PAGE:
Another angle on June's Nature Walk
We were in for a lovely surprise on our nature walk with Malcolm on this not very bright Sunday in June. We, like some others, did not find a direct way to Berrow Church, but instead took a tourist's route around Berrow village!
However, we were in time to catch the beginning of the walk, which is a good thing since the first great joy, after only a few yards was the small meadow full of Marsh Orchids. These were possibly the stars of the show, but we found many other (new to me) plants which made me rush home to look out my Fitter, Fitter and Blamey -the botanist's bible in the old days, and my Collins Photoguide. I thought that I knew most common plants, but obviously I had not studied sand dunes.
A first for us was the Sea Buckthorn. Yes, I think that we were the only people who did not know it, but hey! we had never seen it before. Then Evening Primrose was pointed out to us although I was sure that it was Morning Glory! Where have all my brain cells gone? However, in my defence, I am used to spotting the larger plant which is possibly a garden variety, and I had not realised that these belong to the Willowherb family.
The Ribbed Melilot, a member of the Pea Ribbed Melilot Family with its very pretty spears of tiny pale yellow flowers was another find. It was growing in the dunes across the middle of the Golf Course where we also found what I think was Buglos, a member of the Borage Family. The small five-petalled flowers were such a lovely true blue colour, but oh dear! it was so hairy. However, the crowning glory was the magnificent, huge seed heads of the Goatsbeard, found in the same area as the the above two. The interesting folk name for this is Jack-go-to-bed'at-Noon because the flowers only open fully on sunny mornings.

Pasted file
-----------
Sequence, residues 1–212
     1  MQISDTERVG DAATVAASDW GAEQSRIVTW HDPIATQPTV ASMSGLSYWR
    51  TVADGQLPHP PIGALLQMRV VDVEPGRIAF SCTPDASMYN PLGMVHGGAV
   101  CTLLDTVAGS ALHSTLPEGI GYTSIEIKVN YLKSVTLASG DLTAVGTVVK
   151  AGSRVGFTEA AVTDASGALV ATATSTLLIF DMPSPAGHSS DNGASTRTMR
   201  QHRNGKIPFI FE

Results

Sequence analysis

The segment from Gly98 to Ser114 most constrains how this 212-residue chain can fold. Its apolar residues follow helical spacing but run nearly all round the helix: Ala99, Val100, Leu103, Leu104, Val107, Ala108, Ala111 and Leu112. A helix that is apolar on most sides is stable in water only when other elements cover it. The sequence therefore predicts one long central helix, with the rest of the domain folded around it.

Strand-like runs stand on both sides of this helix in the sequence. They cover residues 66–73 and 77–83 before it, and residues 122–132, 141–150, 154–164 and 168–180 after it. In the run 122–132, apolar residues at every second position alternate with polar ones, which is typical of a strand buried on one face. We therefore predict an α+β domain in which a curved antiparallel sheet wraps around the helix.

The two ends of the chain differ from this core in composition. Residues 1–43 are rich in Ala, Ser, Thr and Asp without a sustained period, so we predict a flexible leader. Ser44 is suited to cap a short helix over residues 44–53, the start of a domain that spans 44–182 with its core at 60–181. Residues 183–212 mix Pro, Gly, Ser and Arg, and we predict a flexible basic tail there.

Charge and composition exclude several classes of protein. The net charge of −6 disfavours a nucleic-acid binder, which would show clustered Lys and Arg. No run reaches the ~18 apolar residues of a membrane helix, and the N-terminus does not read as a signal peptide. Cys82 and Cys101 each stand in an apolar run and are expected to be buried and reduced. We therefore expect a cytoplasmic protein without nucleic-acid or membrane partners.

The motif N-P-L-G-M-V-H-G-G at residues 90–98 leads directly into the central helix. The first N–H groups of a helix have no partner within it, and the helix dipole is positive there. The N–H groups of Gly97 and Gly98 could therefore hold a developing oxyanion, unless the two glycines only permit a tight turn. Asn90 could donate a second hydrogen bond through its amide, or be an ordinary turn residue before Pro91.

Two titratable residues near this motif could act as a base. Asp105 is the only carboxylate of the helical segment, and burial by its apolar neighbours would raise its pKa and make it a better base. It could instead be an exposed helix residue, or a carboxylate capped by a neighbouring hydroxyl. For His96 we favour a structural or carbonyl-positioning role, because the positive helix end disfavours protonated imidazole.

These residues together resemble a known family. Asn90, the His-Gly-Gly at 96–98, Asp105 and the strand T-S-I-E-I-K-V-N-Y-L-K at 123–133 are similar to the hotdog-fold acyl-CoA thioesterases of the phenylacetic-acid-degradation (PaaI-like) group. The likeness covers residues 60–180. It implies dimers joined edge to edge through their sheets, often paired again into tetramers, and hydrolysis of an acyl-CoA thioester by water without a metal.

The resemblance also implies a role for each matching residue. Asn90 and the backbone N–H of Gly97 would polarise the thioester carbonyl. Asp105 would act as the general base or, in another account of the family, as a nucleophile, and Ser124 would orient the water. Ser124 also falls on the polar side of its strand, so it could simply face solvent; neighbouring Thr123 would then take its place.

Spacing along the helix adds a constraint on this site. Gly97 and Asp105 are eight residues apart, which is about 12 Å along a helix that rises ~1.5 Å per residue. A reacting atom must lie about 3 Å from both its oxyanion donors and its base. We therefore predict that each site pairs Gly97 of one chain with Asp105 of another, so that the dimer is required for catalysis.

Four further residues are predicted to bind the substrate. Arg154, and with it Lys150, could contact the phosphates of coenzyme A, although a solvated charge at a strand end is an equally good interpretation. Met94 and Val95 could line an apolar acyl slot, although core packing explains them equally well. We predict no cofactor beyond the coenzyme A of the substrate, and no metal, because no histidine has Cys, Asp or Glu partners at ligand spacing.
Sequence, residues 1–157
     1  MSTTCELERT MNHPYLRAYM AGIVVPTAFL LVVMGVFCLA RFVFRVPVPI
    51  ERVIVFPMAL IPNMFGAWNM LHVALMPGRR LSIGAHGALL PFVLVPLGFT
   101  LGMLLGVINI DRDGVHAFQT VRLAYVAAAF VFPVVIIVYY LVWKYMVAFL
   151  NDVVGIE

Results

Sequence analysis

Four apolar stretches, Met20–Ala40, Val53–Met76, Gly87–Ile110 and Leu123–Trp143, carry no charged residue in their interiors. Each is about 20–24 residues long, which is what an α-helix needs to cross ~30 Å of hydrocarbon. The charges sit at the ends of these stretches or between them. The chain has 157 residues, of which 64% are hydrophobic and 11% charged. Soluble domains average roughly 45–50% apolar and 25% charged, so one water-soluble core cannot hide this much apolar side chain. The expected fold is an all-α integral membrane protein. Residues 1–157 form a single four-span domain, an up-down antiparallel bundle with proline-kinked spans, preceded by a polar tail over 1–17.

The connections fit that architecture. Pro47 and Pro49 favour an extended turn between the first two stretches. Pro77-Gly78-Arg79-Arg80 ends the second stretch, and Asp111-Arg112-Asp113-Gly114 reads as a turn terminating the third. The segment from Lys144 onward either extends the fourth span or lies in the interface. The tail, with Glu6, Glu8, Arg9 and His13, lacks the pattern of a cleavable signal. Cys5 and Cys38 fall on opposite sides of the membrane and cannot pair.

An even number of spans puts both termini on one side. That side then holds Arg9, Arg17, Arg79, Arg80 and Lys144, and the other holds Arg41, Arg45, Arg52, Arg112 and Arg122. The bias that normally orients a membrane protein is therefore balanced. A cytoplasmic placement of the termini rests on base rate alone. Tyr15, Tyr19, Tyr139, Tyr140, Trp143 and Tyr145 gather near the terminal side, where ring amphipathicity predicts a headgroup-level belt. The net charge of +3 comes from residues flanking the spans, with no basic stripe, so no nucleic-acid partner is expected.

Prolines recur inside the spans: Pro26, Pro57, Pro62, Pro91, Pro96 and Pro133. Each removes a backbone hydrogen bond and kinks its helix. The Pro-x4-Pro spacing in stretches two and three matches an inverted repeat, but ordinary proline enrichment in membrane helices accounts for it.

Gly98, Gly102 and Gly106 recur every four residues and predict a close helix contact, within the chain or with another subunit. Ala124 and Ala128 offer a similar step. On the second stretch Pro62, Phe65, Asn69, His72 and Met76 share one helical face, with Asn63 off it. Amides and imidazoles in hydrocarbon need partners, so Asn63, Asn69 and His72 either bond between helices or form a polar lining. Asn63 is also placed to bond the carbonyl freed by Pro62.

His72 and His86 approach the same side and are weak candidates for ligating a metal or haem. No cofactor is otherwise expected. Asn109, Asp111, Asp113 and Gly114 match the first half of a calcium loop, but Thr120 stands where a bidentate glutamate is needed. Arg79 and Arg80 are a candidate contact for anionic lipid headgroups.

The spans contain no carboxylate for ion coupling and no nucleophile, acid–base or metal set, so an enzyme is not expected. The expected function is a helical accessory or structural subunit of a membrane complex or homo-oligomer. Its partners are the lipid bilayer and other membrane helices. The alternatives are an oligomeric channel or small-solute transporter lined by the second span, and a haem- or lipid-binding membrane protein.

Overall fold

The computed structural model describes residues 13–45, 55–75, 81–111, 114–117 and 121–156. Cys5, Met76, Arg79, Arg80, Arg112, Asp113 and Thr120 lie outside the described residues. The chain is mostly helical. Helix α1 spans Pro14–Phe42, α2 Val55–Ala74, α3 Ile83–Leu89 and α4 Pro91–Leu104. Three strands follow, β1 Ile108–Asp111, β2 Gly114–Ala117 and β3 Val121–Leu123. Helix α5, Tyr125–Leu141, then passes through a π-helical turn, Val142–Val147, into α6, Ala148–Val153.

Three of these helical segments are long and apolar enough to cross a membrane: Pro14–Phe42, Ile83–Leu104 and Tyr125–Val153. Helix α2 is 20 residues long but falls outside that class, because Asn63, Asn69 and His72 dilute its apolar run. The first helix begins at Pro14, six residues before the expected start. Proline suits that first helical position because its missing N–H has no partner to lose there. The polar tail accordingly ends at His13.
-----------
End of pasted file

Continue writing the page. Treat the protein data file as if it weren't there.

As for the non-plant life, John found lots of tiny grasshoppers, but the pond was nearly dry and only revealed lots of water snails end a golf ball a long way from any green! And we did hinder a few golfers! The sands and shoreline only revealed shells and some partly eaten cuttlefish which were collected for a grandmother's budgerigar.
We only just got back to the cars in time to avoid the rain, but it was a thoroughly interesting and informative walk. Please correct me if anyone thinks that I have got my plant recognition's incorrect and Malcolm's account will be far more comprehensive and accurate than mine!
Vivien and John Adlam